Students from Forest Park who attend Proviso Township High School District 209 are among the worst starting out but are the most improved after one year in the district, according to a study presented to the D209 school board on Nov. 20.
Overall, Forest Park students show grade point averages near the bottom of the district but had the top ACT scores at Proviso Math and Science Academy.
Student test data was sorted by community in the survey, which examined test scores of the current crop of students at Proviso East and West high schools and PMSA. Ten different communities feed into the district.
The 161 Forest Park students at Proviso East High School averaged the second-lowest test scores district-wide on the eighth grade EXPLORE test. Forest Park students averaged 13 points with a standard deviation of 2.338 points. The 1,058 Maywood students averaged 12.7 scores.
But in ninth grade, the Forest Park students had the highest EXPLORE averages in the high school at 14.1 (deviation 2.65). Broadview’s students were second, averaging 14.0.
The achievement of Forest Park-derived students at Proviso East was still lackluster overall, the data showed. Proviso East’s Forest Park students averaged the lowest GPA (1.896) and lowest ACT scores (14.5).
At Proviso Math and Science Academy, the story was different.
The 53 students from Forest Park averaged 18.3 on the eighth grade EXPLORE. This was in the middle of the 10 feeder community scores, the highest being Stone Park (19.2 with 36 students). Forest Park students then had an only-slightly improved 18.5 on the ninth-grade EXPLORE assessment. Forest Park-derived students also had the lowest average GPA in the school, 2.92. The highest GPA averages, by village, were Westchester’s 87 students with 3.36 and Hillside’s 75 PMSA students with 3.28.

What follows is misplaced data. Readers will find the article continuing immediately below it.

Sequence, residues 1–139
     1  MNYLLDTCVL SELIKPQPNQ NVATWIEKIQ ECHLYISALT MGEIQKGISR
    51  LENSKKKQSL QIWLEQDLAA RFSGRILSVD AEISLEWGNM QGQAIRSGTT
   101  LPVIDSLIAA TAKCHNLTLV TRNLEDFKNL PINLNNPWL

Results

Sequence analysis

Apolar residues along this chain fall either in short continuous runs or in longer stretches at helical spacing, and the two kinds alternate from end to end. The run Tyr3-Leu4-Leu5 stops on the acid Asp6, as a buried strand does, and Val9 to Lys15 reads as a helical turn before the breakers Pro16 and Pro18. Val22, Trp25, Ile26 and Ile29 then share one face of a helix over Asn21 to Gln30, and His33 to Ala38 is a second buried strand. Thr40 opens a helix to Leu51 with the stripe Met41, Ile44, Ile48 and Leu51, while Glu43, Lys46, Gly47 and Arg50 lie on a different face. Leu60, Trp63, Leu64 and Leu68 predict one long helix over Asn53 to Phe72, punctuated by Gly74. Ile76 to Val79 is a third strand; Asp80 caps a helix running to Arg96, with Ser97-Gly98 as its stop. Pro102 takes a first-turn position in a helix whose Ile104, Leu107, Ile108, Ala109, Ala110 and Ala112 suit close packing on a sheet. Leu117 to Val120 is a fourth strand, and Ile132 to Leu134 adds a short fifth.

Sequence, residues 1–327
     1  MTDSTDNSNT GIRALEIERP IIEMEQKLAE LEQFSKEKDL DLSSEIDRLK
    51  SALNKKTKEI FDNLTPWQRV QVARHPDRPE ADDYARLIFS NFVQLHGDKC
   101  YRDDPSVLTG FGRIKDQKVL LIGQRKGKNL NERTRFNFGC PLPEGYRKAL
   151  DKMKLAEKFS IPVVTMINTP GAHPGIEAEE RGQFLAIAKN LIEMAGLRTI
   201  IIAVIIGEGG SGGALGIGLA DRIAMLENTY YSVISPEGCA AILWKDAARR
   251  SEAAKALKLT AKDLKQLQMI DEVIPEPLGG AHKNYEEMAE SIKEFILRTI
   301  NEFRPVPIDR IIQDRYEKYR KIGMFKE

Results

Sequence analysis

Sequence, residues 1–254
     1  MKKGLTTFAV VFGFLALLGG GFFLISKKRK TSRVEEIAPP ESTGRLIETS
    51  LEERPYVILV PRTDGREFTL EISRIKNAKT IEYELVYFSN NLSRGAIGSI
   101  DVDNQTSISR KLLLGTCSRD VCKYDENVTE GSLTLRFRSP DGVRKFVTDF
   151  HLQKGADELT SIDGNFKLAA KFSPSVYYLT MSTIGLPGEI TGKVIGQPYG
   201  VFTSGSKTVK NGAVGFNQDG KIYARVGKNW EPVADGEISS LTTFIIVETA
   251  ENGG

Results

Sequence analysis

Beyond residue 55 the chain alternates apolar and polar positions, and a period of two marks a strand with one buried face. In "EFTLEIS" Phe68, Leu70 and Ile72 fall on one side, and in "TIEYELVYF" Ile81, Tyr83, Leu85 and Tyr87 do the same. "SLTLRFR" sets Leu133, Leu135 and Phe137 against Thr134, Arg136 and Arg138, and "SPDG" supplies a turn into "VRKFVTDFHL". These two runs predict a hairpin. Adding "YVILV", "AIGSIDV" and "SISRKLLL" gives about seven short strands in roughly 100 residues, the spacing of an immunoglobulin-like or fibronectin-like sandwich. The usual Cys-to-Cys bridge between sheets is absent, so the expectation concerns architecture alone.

But Forest Park students averaged the highest ACT scores at PMSA with a 23.8. Westchester was second with an average of 22.8.
The numbers and scores were teased out for analysis by Ed Moyer, executive director of assessment and planning, who was attempting to discern whether test scores and socio-economic status in feeder communities were linked.
He noted that average village income and achievement didn’t necessarily overlap, and that outlier student test scores might have more weight because of the small number of Forest Park students.
That means, for students in poorer communities, the resources are scarcer.
“What we can’t control is what we call ‘the curriculum of the home,'” Moyer said. “But we did discover this year that 90 percent of our students have a computer or Internet access, including 89 percent who have access to a smart phone or tablet.”
The district is looking into providing online resources for students to bring enrichment to home environments among poorer students, Moyer said.